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Part 1: Handling Disagreements on Placements of Kids with IEPs

With respect to students on an IEP who are being disciplined, sometimes disagreements will arise between the child's parents, who believe that the problem behavior is a manifestation of the student's disability or a school's failure to properly implement the IEP, and the rest of the IEP team, who believe this not to be the case.  If this happens, it is a serious problem, and the school district is going to have to make some very important decisions.  Things for the district can turn very messy very quickly - not to mention very expensive - if there is a determined parent, and the district must make a decision as to whether it wants to have this fight or wants to work out some kind of a compromise with the parent. 

Whenever a disagreement with respect to discipline arises between parents and the district, parents have the right to appeal under 34 CFR 300.532.  A parent may file a due process complaint with the Colorado Department ofEeducation and request a hearing, which most likely will be presided over by an administrative law judge (ALJ).  The hearing officer may find that the student's rights were violated and/or that the problem behavior was a manifestation of the student's disability.  If that's the case, the hearing officer may return him or her back to their regular educational setting.  Plus, the hearing officer may award attorney fees to the parents, and that can be extraordinarily expensive for a district.  If there was no violation of the student's rights and/or the student's behavior was not a manifestation of the student's disability, the hearing officer may agree with the district and keep the student in an IAES.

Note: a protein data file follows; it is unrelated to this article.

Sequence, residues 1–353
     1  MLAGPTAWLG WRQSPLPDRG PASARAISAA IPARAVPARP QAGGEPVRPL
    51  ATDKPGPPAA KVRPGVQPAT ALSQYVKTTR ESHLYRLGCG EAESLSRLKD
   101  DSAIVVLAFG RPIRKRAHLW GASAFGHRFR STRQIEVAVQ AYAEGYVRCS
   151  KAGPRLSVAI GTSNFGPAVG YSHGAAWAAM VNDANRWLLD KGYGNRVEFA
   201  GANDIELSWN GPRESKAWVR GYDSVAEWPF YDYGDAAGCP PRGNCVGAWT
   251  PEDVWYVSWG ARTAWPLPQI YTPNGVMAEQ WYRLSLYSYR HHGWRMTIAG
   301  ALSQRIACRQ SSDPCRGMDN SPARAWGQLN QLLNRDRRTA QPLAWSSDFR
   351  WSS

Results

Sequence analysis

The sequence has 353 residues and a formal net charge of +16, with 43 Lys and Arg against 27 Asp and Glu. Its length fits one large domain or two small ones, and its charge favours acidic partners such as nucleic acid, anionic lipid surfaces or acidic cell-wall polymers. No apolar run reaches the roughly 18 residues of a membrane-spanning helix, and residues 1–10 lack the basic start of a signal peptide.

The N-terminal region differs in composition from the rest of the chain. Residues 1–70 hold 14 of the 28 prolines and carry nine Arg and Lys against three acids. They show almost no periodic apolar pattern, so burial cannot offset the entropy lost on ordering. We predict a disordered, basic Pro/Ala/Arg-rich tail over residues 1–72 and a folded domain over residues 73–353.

Any hearing requested under circumstances like these will be on an expedited schedule, meaning that the hearing must occur within 20 school days of the date the complaint requesting the hearing is filed, and the hearing officer must make a decision within 10 days after the hearing.  Prior to the hearing, a resolution meeting must occur within seven days after the district has received notice of the complaint.  The resolution meeting can be waived if both the district and the parents agree, but the district normally will disagree because it will use such a meeting as a good opportunity to resolve the complaint and thereby avoid a full-blown hearing. 

Even the results of a hearing can continue to be appealed through normal judicial channels.  Or another option that parents who feel aggrieved can take is to file a complaint directly to the state department of education.  Such complaints can be very expensive to deal with for the district, and they may also result in the imposition of serious burdens upon a school district if the state department of education finds that violations occurred. 

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Kishinevsky & Raykin, Attorneys at Law
2851 South Parker Road, Suite 150
Aurora, CO 80014-2722

Phone: 720-863-4256
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